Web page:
New report documents state-led forced labour in 2015 Uzbekistan’s cotton harvest within World Bank project areas
9 March 2016
Human rights advocates from Uzbekistan and all over the world will deliver a petition signed by about 120,000 people from around the world to World Bank President Dr. Jim Yong Kim, calling on the Bank to suspend payments to the government of Uzbekistan until it stops using forced labour. The advocates will assemble outside the main entrance of the World Bank at 10:00 AM ET (15:00 PM GMT).
The petition delivery coincides with the release of a new report documenting why the World Bank should listen to calls from Uzbek civil society groups to suspend the loans.
The report, released by the Uzbek-German Forum for Human Rights (UGF), presents first-hand observations, interviews and documentary evidence that in 2015 the government of Uzbekistan forced more than a million citizens under threat of punishment to pick cotton and farmers to grow cotton for the state-run cotton enterprise. The Uzbek government’s use of forced labour violated its contracts with the World Bank for agricultural projects totaling more than $500 million, which required the government to abide by its own labour laws – including laws that ban the use of forced and child labour – in the areas where the World Bank projects were to operate.
As part of its agreement with the World Bank, the Uzbek government allowed the International Labour Organization (ILO) to conduct monitoring of forced and child labour in the 2015 cotton harvest. The ILO monitoring report found: (1) the practices of officials responsible for meeting cotton quotas did not change; (2) there were indicators of forced labour related to widespread organized recruitment of adults to pick cotton; and (3) public-sector workers in the education and health-care sectors were compelled to contribute labour or payments.
Video documentation from Anti-Slavery International confirmed many of these findings in interviews with forced labour victims. Their testimonies are presented in the following video:
The ILO report’s reaffirmation of the existence of forced labour and findings of the UGF report indicate that the Uzbek authorities violated their contractual commitment to the World Bank. With their leverage as donors and experts in labour and economic development, the World Bank and ILO are well positioned to pressure the Uzbek government to stop its use of forced labour, particularly if doing so would bring back suspended Bank funding.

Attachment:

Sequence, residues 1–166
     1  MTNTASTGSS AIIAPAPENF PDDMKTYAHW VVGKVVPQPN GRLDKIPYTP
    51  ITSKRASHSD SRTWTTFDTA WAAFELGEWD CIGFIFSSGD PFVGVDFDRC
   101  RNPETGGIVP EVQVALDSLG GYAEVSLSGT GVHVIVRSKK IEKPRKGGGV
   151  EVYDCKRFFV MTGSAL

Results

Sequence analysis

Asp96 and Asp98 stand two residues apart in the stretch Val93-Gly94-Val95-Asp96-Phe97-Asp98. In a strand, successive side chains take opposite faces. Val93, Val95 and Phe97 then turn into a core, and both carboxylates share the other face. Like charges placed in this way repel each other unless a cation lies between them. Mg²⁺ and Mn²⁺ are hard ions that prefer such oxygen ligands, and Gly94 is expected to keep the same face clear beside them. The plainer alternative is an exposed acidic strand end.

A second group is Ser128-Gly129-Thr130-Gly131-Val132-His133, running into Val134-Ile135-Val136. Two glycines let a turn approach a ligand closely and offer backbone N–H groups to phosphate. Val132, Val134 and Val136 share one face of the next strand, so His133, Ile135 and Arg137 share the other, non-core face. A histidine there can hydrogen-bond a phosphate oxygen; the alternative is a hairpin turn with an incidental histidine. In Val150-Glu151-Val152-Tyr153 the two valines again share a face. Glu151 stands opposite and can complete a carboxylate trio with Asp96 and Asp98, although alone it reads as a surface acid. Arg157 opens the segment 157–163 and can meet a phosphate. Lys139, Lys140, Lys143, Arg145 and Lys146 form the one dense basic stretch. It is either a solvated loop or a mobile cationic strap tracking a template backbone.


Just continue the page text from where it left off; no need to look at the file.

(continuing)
Suspension of funding has precedent but would be a rare move for the Bank, which currently lacks standards that align with existing international human rights conventions. The activists, coalesced as the Cotton Campaign, are calling on the Bank to suspend finance to the Uzbek government for agriculture projects until it ceases its use of forced labour in the sector.
To hide its use of forced labour, the Uzbek government physically assaulted, detained and fabricated charges against human rights monitors while they documented forced labour in the cotton sector. Police arrested activists Elena Urlaeva and Malohat Eshankulova and subjected them to body-cavity searches. Police repeatedly detained, beat, and brought charges against Dmitry Tihonov, eventually forcing him into exile. Dmitry also lost his home office, burned down in an intentional fire by someone who also stole his human rights materials and research. Police also detained Uktam Pardaev for two months, and since his release in January officials have kept him under house arrest.
Anti-Slavery International alongside the partners from the Cotton Campaign coalition delivered the petition to the World Bank on the 9 March. The representative of the World Bank condemned forced labour, although he stopped short of committing to withdraw the funding to Uzbekistan.
We will be updating everyone with the developments as they arise.
The Cotton Campaign is a global coalition of labour, human rights, investor and business organizations coalesced to end forced labour of children and adults in the cotton sector of Uzbekistan. Find out more at www.cottoncampaign.org.